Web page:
Amanda Church “Passengers”

High Noon

poster for Amanda Church “Passengers”
[Image: Amanda Church "Swingers" (2021) oil on canvas, 32 x 45 in.]

This event has ended.

I am a passenger
And I ride, and I ride

Iggy Pop, “The Passenger,” from Lust for Life, 1977

High Noon presents Passengers, the gallery’s second exhibition of paintings by Amanda Church. In Church’s newest work, her structural amalgamations become fleshy architectonic compositions evoking a confluence of movement and stasis. Each painting embodies a figure, or at least the sense of one, in various abstracted and indeterminate scenarios that intimate recent dynamics of chaos and confinement.

The hand-rendered edges of Church’s linear topography read as both boundary and restraint; interior and exterior spaces merge and are dispersed among kaleidoscopic bodily fragments. Long, sweeping gestures lead the eye through the composition only to be stopped cold by graphic planes or detoured by intercepting lines. Formally and metaphorically, she conveys the passenger’s experience: immobile observation, the anticipation of the unknown, the romance of surrender.

Church’s linear vocabulary— reminiscent of cloisonnism— incorporates aspects of Henri Matisse’s Blue Nudes which uses negative space as a contour, as well as Valerio Adami’s 1965 Telescoping Rooms, where figures become objects and vice versa. It also gives a nod to the line quality of Roy Lichtenstein’s comic book sensibility, applying varying densities to manipulate the logic of weight, volume, and space.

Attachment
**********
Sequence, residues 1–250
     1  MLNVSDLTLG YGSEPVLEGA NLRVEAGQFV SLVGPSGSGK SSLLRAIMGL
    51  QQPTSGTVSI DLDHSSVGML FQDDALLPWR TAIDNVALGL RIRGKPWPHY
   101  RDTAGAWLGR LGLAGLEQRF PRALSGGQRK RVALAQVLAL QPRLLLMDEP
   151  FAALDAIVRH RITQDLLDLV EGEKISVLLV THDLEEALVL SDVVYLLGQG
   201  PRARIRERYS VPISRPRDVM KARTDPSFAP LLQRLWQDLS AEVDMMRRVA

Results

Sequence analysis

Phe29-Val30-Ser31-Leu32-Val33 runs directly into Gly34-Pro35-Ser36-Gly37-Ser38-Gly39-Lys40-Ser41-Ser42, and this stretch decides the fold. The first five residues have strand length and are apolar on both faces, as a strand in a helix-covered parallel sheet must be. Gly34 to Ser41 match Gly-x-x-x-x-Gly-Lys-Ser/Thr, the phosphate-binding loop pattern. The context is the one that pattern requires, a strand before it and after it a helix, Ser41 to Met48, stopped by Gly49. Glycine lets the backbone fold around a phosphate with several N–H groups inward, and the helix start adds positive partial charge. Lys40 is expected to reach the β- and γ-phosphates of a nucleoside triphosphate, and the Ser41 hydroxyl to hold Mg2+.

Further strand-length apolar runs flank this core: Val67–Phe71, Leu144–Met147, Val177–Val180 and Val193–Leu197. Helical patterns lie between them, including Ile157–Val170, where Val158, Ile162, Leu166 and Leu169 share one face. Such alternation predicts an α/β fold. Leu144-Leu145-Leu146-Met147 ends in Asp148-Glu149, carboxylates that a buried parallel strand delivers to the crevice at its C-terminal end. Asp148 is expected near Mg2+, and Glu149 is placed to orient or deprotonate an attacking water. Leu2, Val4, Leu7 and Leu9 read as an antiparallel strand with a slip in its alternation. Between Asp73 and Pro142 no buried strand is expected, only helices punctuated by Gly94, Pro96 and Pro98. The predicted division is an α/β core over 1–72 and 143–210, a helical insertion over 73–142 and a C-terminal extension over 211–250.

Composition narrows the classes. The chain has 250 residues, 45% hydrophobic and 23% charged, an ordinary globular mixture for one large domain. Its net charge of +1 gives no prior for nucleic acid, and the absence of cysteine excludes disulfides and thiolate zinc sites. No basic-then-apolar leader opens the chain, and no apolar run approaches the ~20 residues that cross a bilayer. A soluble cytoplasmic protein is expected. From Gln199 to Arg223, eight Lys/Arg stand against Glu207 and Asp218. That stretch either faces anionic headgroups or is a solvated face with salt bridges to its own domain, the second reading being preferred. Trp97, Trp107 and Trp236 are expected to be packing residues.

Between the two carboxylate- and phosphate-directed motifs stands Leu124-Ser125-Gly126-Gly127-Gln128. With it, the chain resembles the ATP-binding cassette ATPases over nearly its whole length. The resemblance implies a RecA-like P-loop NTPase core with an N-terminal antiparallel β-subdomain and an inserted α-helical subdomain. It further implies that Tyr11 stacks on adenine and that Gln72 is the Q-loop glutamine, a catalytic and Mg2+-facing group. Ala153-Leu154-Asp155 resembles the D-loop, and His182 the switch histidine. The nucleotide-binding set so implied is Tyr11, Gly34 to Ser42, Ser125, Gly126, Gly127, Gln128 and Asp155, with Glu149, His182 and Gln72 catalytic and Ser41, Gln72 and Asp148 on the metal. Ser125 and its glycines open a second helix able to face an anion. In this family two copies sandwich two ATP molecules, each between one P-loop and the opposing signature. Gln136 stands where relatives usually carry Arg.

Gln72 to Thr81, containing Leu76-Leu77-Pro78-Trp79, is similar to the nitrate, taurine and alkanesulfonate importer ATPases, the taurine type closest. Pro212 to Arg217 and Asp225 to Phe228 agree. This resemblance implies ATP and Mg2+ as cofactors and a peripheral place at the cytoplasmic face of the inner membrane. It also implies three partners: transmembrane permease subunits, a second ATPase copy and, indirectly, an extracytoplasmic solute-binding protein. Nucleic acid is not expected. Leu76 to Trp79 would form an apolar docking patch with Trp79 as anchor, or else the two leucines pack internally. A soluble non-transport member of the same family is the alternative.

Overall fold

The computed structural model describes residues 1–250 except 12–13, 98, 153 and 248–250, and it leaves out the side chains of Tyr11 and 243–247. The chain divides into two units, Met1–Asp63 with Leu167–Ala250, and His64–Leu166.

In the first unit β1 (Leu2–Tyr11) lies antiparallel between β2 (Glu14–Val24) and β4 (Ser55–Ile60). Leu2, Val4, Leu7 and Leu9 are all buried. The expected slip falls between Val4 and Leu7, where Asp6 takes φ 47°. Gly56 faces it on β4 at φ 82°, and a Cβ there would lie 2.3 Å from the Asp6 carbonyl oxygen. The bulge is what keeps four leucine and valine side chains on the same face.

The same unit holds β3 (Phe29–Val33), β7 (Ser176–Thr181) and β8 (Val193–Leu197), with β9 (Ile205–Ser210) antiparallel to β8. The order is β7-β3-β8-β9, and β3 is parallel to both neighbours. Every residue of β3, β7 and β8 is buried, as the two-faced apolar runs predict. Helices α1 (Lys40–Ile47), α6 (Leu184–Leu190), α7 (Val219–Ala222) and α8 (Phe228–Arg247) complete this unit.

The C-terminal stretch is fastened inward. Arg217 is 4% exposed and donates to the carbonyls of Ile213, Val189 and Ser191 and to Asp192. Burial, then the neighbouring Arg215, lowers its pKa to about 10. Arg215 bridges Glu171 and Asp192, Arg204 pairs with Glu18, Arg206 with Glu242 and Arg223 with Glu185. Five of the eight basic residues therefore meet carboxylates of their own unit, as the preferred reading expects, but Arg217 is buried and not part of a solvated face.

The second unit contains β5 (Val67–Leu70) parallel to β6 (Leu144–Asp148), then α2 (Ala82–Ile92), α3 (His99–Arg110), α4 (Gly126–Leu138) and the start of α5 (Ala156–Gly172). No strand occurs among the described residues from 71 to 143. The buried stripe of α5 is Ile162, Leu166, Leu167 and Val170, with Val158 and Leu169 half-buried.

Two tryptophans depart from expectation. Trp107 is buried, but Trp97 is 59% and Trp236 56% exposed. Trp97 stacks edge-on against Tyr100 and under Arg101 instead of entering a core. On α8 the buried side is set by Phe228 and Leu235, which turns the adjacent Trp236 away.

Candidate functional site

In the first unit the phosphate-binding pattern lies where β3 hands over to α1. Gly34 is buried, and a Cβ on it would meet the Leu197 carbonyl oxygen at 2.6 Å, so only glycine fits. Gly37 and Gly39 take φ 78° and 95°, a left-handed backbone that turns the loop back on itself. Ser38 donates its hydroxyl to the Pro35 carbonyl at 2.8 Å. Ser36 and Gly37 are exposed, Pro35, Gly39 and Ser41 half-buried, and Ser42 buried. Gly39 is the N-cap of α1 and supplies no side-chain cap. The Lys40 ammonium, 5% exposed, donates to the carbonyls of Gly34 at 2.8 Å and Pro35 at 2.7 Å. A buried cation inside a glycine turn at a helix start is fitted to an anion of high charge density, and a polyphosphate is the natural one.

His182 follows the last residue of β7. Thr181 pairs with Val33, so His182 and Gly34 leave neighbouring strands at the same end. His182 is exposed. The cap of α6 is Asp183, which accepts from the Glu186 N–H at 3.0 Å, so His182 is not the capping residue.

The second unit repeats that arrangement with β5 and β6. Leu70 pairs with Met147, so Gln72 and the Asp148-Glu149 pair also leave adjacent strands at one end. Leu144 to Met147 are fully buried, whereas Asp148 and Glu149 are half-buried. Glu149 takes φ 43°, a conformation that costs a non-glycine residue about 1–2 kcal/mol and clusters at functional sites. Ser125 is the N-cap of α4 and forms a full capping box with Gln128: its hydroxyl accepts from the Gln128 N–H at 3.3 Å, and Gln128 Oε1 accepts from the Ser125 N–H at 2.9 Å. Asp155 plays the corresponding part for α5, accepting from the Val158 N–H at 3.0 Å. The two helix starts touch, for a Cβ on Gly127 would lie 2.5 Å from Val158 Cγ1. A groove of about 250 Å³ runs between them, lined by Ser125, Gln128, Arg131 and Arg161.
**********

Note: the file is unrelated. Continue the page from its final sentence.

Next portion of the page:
The cheeky compositional slant of High Beams twists and squirms like backseat lovers. Despite the title, Church’s luminous color palette doesn’t necessarily translate to increased visibility. The dominant flesh tones evoke a panorama of motion, with limbs and lumps butting up against each other at awkward intervals, as if in a rediscovery of intimacy. In Swingers, lines envelop a central focal point, constantly pushing the eye inward through a tangle of connectivity, highlighting Church’s ability to simultaneously force perspective and leave the viewer wondering where they’ve ended up. Positioned “under glass,” the passenger becomes not just an observer looking through a window but also a voyeur privy to an array of secret scenarios.

Amanda Church has been showing throughout the U.S. and Europe for over 20 years, with solo exhibitions in New York, Boston, Los Angeles, Louisville, San Juan, Prague, and Marseilles. Recent exhibitions include Recliners at High Noon, New York; CKR at Steven Harvey Fine Art Projects, New York; Heads and Tales at Espacio 20/20 in Puerto Rico; and Minimal Baroque in Copenhagen, for which she received a grant from the Danish Council on the Arts. She is also a recent recipient of a Guggenheim Fellowship, as well as grants from the Pollock Krasner Foundation and the New York Foundation for the Arts. Her work is in many private and public collections including Deutsche Bank; The Chambers Hotel, New York; the Progressive Corporation, Cleveland; and the New Jersey State Museum, Trenton. Church lives and works in New York City.



from October 21, 2021 to November 28, 2021


Amanda Church

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